The Illness Lesson
Beams’s daring debut novel (after the story collection We Show What We Have Learned
) imagines a school for teenage girls in the mid-19th century Massachusetts countryside. Here, at a failed commune, sensitive Caroline lives with her idealistic, ambitious father, Samuel, and his admirer David, for whom 20-something Caroline harbors secret feelings. When Samuel starts a school dedicated to the intellectual awakening of its eight young women students, things quickly go astray. Following the lead of Eliza, the daughter of a rival of Samuel, the girls begin to exhibit a variety of physical ailments—headaches, skin irritations, and sleepwalking—as does, to her own horror, Caroline, a teacher at the school. When an unscrupulous doctor is brought in to test an experimental treatment on the girls, Caroline must decide whether to stay loyal to her father or question his authority. Though there is a fantastical thread about a flock of mysterious, aggressive, blood-red birds that doesn’t fit well with the otherwise plausible plot, Beams excels in her depiction of Caroline, an intriguingly complex character, and in her depiction of the school, which allows the reader a clear view of changing gender roles in the period, with parallels to today’s sexual abuse scandals. This powerful and resonant feminist story will move readers. (Feb.)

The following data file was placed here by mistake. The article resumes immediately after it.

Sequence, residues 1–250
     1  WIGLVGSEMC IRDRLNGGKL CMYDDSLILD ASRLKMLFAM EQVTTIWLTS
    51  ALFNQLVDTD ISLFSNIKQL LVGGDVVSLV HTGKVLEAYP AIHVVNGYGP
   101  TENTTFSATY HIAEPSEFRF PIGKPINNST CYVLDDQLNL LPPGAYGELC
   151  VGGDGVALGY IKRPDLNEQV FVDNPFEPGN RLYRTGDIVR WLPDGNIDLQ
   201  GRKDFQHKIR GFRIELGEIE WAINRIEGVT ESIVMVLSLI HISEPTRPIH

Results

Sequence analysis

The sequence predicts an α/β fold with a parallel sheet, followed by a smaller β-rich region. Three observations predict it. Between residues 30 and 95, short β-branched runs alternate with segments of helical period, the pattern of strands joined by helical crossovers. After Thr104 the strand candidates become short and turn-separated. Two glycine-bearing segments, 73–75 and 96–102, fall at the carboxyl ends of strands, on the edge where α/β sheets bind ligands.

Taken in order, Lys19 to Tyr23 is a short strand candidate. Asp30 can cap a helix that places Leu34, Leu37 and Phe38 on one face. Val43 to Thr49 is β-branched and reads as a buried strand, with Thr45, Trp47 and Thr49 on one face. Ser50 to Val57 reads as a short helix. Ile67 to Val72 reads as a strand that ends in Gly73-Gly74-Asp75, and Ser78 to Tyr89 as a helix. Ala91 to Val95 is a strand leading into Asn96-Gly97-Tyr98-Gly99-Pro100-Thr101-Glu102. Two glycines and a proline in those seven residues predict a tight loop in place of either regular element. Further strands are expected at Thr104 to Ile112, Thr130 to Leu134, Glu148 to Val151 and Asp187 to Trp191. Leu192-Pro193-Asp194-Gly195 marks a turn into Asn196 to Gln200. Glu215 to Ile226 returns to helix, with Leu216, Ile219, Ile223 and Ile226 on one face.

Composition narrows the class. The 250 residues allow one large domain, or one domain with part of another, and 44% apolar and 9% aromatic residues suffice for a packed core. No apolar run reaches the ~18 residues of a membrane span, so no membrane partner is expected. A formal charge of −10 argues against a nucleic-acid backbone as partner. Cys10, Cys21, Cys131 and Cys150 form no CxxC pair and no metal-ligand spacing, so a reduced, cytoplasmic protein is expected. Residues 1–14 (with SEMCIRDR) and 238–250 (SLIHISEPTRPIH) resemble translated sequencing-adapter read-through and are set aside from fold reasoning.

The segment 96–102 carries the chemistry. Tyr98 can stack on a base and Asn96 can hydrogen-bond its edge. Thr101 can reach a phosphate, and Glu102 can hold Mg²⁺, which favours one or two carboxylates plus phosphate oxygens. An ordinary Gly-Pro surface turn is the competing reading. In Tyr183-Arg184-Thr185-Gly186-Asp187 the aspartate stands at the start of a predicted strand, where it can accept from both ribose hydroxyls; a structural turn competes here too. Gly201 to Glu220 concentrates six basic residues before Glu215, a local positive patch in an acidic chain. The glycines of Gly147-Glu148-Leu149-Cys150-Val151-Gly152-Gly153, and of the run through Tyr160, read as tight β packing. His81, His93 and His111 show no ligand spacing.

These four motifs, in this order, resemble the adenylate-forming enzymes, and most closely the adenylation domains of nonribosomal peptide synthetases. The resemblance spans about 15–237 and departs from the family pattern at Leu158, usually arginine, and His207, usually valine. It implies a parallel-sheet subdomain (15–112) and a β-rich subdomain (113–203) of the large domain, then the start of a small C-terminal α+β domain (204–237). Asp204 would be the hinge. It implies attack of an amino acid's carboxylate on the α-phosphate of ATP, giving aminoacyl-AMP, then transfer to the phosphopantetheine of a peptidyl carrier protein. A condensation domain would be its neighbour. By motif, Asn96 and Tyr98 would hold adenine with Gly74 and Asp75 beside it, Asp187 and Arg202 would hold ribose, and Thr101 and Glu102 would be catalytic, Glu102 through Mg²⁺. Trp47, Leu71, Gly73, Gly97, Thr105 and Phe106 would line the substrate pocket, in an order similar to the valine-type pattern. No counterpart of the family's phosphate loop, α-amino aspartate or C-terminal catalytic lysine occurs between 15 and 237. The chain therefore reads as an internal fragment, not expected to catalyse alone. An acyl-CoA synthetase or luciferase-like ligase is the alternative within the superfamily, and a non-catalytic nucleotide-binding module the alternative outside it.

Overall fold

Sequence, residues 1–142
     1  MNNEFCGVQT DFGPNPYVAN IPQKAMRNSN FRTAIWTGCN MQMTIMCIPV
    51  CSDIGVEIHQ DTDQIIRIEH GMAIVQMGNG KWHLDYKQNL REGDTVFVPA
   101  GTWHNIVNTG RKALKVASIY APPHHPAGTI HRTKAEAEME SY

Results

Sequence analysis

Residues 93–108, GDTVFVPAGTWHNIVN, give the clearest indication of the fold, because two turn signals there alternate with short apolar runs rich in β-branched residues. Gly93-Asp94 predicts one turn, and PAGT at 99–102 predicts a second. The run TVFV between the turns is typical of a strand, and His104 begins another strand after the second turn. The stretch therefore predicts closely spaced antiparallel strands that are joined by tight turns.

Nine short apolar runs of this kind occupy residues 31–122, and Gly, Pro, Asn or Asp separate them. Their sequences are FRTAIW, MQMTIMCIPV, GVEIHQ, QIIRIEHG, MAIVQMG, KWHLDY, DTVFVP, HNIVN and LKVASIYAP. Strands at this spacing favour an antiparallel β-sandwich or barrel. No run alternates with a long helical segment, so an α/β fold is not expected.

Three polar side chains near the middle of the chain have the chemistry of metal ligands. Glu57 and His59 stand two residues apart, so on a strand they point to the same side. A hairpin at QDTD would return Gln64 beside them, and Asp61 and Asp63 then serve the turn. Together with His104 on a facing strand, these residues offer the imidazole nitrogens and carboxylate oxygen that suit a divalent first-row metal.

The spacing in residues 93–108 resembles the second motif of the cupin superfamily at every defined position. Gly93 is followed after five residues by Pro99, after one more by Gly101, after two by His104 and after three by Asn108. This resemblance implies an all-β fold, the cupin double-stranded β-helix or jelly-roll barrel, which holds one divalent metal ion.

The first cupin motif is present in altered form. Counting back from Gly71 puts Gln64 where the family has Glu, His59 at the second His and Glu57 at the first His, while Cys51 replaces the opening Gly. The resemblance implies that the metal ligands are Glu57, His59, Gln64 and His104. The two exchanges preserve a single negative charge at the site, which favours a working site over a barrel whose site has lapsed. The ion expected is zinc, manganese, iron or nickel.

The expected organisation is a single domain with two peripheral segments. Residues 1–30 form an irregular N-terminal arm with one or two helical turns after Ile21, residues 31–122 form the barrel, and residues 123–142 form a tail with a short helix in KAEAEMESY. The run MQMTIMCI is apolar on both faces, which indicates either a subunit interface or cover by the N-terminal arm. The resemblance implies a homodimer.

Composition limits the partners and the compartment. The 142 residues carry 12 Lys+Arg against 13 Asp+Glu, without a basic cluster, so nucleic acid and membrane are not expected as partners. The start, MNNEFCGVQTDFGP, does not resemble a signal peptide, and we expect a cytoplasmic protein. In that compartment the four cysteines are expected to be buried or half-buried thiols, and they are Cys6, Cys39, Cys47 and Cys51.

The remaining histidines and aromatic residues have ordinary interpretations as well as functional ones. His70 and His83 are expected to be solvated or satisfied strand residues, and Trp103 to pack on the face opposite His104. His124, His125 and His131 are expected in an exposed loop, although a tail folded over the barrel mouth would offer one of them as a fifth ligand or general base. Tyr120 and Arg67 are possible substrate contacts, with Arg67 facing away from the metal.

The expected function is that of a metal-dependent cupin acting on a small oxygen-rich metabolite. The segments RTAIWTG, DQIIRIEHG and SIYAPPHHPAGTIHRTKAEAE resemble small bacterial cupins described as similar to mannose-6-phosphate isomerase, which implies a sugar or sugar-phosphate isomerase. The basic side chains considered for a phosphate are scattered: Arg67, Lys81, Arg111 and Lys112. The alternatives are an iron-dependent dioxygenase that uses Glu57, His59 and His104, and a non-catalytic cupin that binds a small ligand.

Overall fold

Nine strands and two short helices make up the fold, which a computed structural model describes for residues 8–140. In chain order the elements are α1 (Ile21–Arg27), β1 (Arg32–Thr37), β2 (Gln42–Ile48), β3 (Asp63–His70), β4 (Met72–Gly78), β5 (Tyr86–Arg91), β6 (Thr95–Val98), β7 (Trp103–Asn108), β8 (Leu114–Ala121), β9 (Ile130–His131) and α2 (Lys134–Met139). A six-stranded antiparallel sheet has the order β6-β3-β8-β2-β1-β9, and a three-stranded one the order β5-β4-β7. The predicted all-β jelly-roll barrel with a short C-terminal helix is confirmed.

Correction: An earlier version of this review misspelled the author's first name.